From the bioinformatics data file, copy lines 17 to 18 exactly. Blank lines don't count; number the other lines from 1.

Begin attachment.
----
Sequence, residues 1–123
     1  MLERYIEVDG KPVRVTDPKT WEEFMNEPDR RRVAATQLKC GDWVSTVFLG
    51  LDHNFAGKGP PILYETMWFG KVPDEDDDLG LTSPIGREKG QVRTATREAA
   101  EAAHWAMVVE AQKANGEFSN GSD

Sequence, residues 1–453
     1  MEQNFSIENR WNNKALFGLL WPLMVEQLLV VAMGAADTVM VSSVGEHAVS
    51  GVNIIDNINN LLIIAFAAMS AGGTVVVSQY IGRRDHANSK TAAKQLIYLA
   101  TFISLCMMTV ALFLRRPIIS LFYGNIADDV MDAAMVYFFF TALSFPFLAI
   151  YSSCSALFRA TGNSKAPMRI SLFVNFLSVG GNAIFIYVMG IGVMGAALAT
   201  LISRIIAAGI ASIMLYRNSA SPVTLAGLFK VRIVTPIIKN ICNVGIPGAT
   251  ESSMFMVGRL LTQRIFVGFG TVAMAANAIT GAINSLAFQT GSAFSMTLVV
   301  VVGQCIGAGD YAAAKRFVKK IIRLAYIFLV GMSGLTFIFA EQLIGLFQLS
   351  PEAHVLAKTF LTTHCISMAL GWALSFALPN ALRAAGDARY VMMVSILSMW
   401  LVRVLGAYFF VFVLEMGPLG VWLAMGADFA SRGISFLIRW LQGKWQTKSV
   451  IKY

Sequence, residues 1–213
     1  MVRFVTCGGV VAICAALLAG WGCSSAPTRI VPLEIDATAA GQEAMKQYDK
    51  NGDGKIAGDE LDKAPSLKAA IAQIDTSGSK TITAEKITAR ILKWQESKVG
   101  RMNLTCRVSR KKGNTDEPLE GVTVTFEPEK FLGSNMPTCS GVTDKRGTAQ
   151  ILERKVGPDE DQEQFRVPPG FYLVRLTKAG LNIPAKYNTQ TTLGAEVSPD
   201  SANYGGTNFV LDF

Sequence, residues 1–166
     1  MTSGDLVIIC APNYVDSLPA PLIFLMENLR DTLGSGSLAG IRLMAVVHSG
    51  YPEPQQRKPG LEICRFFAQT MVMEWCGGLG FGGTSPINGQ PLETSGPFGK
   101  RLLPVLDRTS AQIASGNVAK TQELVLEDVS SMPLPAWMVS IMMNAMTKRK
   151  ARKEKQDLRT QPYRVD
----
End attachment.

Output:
     1  MVRFVTCGGV VAICAALLAG WGCSSAPTRI VPLEIDATAA GQEAMKQYDK
    51  NGDGKIAGDE LDKAPSLKAA IAQIDTSGSK TITAEKITAR ILKWQESKVG